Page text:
sleep onset

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Definition - What does sleep onset mean?

Sleep onset is a calibrated period of time measured and recorded in thirty-second intervals called epochs during any sleep stage to assess normal or abnormal circadian biorhythm cycles. When individuals sleep, a number of regular biological, neurological and physiological functions occur including brainwave activity, autonomous breathing patterns, heart rate fluctuations, frequent body movements, dream episodes, and restorative homeostatic processes. Sleep is divided into four stages beginning with non-rapid eye movement (NREM) subset cycles including N1, N2, and N3 before transitioning to the rapid eye movement (REM) deep sleep cycle.

SureHire explains sleep onset

Individuals can experience different sleep patterns that can affect the quality of their health based on variables that include lifestyle habits, job circumstances, and potential sleep disorder(s). In polysomnography, a sleep technologist documents sleep onset epochs as markers to account for any and all biorhythm deviations connected to erratic sleep patterns. For this reason, patients are generally required to follow set guidelines prior to undergoing a sleep testing procedure to generate accurate results.

Many individuals suffer from undiagnosed sleep disorders, which can interfere with daily personal activities and professional obligations at work. Common sleep disorders can include obstructive sleep apnea (OSA), restless legs syndrome (RLS), insomnia, and shift work syndrome. Sleep technologists administer a polysomnogram to identify the causal nature underlying various signs and symptoms that can explain sleep onset transitions occurring at different stages. For instance, infants and narcoleptics tend to enter an immediate REM deep sleep stage compared to a majority of people who gradually pass from NREM N1 following its successive cycles until reaching REM deep sleep mode.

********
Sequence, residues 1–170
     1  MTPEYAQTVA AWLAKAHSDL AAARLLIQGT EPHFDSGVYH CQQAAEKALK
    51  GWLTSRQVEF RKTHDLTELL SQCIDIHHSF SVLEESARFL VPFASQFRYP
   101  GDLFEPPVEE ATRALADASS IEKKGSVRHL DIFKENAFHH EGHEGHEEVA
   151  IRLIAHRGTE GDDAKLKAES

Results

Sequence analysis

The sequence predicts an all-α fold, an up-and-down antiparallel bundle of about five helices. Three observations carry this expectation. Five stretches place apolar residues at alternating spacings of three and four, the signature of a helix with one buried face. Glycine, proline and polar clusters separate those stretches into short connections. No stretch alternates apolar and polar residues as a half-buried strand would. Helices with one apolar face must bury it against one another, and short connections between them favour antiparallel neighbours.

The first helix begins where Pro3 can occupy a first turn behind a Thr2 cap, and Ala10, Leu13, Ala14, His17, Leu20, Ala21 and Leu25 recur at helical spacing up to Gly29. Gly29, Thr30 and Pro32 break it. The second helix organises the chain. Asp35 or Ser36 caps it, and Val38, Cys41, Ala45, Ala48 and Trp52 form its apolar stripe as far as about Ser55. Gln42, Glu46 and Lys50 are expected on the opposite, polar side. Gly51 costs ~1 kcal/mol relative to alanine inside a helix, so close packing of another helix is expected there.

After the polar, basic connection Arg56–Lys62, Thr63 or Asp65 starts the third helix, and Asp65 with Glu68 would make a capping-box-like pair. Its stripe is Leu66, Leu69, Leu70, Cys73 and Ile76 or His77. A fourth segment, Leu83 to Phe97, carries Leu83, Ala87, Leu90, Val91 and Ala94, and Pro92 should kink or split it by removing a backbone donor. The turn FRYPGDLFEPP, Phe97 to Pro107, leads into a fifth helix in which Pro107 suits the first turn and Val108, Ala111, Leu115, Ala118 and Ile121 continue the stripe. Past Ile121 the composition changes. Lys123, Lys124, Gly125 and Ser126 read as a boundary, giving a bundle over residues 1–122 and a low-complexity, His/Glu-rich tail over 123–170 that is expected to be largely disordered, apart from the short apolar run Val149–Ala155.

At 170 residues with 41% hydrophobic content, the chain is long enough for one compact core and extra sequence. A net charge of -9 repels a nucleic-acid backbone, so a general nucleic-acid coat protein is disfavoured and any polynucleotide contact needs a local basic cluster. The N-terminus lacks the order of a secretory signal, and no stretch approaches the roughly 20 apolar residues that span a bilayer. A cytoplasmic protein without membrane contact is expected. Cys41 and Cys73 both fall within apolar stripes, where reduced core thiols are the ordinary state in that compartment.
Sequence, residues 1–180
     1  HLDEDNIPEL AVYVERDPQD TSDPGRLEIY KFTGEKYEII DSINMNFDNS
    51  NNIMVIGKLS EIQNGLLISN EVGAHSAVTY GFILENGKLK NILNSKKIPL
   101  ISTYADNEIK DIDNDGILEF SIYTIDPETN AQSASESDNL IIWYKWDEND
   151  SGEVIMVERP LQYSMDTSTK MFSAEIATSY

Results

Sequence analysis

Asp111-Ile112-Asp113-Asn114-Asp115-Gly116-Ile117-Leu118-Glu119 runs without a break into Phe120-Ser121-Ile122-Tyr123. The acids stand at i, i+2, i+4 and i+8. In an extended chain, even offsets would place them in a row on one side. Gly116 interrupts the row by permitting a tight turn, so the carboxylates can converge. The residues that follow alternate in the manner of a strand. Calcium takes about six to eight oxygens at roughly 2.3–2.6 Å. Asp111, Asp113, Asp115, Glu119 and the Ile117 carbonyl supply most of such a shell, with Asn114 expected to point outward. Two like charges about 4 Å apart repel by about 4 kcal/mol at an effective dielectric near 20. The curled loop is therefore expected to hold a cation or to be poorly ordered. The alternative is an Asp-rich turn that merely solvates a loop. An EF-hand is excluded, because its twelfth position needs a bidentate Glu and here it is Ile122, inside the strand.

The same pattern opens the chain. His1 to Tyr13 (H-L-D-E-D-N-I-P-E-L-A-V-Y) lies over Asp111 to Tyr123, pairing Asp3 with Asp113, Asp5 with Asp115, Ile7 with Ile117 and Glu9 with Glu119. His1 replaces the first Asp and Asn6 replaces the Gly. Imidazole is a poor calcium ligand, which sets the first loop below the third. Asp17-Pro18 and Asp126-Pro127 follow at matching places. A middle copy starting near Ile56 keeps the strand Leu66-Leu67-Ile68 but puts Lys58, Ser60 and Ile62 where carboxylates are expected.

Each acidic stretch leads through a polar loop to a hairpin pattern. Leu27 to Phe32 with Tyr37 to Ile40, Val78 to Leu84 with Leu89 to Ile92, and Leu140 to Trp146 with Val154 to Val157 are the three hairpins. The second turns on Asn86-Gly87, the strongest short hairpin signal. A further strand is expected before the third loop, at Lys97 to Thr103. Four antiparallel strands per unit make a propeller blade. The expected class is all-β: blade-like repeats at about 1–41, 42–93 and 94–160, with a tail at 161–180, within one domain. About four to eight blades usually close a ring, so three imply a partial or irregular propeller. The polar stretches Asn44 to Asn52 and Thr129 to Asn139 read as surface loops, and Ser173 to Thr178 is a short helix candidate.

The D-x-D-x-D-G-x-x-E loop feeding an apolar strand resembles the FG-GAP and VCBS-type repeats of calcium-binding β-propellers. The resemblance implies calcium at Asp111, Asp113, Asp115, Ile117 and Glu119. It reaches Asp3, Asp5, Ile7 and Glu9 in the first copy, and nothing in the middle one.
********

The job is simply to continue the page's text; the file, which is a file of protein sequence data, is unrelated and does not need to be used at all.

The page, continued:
In the workplace, employees with sleep disorders can lead to economic downturns, limited productivity, high injury rates, and increased worker’s compensation costs. For instance, individuals with obstructive sleep apnea experience abrupt breathing cessation spells during the night, often translating to compromised job performance capabilities. Commercial drivers are susceptible to jeopardizing both individual and public health and safety on the road. Before testing, a positive airway pressure (PAP) device might be provided to regulate the breathing cycle. This method allows sleep technologists and doctors to interpret sleep onset epoch readings with facility and precision.

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